Your job now is to be patient with yourself. It will take a while for your primate brain to unwind the events, traumas, and facts. It will go over this territory again and again until it finally figures out that you did nothing wrong.

Meanwhile, try to relax and observe this happening. Watch your brain as it tries to make what’s wrong, right. This is normal and natural. … for a while. After a bit, you MUST stop this cycle of wondering.

For your own sanity, please, don’t beat yourself up. Get the support you need to grieve and talk this through, and then let it go as one of the great mysteries of life. Was there something more you could have done? No. Why? Because even if there WERE something you could have done different, you didn’t know about it. So … you couldn’t have done it!

You are off the hook, free and clear of blame.

You are off the hook and free and clear of blame. You were Belle’s best friend, and she knew it, but I guarantee she would NOT want you to feel this bad and beat yourself up.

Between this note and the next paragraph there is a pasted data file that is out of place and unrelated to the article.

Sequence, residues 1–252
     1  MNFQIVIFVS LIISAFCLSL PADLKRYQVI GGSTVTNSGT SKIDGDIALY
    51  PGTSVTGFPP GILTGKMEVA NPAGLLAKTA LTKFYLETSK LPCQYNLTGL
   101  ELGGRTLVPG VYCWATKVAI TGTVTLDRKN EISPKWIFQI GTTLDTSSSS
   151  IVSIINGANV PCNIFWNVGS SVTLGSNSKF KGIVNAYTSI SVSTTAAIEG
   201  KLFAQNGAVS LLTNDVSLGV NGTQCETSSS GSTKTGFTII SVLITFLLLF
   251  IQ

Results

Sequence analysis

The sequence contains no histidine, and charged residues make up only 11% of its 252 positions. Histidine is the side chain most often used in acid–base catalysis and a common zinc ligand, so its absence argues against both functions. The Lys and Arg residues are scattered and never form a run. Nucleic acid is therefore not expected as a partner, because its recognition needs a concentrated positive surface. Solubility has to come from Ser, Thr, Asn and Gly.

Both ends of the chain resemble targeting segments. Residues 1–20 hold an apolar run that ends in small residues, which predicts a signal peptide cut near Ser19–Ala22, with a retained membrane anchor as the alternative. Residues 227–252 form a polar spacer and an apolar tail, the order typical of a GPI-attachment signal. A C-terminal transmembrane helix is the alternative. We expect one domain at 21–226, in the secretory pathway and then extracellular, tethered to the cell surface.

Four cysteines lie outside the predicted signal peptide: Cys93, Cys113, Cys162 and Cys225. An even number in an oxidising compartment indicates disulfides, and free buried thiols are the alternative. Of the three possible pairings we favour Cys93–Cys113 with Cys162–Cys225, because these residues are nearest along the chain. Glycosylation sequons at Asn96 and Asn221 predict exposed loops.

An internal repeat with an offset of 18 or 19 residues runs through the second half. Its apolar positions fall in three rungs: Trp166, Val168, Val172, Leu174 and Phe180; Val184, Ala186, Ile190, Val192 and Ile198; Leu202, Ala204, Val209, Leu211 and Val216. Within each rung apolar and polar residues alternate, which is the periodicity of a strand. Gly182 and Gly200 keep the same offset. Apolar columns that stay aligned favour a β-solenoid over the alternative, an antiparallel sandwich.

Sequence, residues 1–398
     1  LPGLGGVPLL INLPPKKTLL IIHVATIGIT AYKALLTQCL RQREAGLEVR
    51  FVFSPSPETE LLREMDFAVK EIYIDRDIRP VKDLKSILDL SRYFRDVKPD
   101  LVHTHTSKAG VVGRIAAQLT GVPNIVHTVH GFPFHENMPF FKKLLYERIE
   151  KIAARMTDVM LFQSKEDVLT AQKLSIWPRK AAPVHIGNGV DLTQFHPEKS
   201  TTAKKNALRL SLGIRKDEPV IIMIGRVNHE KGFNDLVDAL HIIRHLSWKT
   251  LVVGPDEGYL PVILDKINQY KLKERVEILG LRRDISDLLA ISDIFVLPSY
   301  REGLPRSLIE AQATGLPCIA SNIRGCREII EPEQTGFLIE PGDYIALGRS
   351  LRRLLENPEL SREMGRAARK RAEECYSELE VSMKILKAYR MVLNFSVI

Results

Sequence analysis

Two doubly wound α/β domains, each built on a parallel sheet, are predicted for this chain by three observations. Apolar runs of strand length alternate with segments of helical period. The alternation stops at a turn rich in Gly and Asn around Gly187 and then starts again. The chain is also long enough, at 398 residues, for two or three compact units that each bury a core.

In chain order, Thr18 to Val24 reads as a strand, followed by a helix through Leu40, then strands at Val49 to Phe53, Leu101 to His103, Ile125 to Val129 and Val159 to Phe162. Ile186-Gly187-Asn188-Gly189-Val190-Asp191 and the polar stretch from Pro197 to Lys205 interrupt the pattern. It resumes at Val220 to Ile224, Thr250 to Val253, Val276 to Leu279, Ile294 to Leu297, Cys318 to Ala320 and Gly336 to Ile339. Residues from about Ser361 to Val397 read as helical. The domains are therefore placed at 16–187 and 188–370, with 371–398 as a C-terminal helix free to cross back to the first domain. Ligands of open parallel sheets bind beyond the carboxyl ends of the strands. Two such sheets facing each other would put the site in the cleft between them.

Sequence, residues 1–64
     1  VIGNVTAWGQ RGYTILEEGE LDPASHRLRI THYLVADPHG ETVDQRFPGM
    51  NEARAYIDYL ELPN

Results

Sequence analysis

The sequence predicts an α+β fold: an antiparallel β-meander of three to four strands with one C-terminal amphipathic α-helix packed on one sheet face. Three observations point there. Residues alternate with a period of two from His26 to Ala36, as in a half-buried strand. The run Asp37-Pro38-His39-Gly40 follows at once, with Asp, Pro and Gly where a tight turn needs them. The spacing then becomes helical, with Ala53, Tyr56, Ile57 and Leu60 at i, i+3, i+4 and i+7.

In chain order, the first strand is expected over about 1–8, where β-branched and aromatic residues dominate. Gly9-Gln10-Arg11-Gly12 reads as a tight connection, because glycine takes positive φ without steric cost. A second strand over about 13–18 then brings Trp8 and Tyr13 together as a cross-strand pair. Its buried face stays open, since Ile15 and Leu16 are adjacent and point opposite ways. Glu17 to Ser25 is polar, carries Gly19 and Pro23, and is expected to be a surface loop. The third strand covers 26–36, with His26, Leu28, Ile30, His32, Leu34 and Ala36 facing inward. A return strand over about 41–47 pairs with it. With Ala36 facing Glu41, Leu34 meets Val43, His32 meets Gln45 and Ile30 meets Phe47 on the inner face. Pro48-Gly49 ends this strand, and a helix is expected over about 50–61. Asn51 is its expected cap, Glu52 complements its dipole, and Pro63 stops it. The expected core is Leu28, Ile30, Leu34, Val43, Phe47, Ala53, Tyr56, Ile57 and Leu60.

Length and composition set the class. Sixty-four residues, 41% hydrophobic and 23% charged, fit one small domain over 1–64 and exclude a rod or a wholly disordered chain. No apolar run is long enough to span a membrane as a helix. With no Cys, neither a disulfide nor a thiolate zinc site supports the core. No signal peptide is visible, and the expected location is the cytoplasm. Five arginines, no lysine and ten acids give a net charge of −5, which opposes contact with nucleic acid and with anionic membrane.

She wants you happy and content and comforted.

Grieving is terrible, and it comes in waves. Get yourself the support you need, so the next wave doesn’t roll you over.

You did not hurt Belle.

She loved every minute of her life with you.

Many, many blessings.

Molly Jacobson
The Dog Cancer Survival Guide


Leave a Comment

  1. Andrea on November 9, 2021 at 8:25 am

    Thank you for this! My dog just died of what we think was cancer. We had her put to sleep yesterday. She had all the warning signs. Your blog is helping me get through this terrible time.

  2. Elaine Osgood on May 15, 2021 at 10:11 am

    My husband and I lost our 3 year old rescue (we got him when he was 4 months old) to Stage 5 Lymphoma two weeks ago. What started out as lethargy, decreased appetite and rapid breathing (we had friends tell us it was most likely Lyme Disease, which is very prevalent in Maine, or some sort of infection treatable with antibiotics) turned into a visit to an emergency vet visit 120 miles from home. When we got the treatments options of either chemo (2-4 month survival) vs taking him home on prednisone to keep him comfortable (a few days-a few weeks survival) we brought him home. After only one week after the diagnosis of lymphoma, our precious baby died in a very traumatic way, on the floor of our bedroom after bleeding out throughout the whole house, at 2 am in the morning. Devastated doesn’t even come close to our emotions. The diagnosis had barely set in…much less our way of how to handle his end of life decisions. Thank you for all the info in your articles…just wish we had known we had so little time.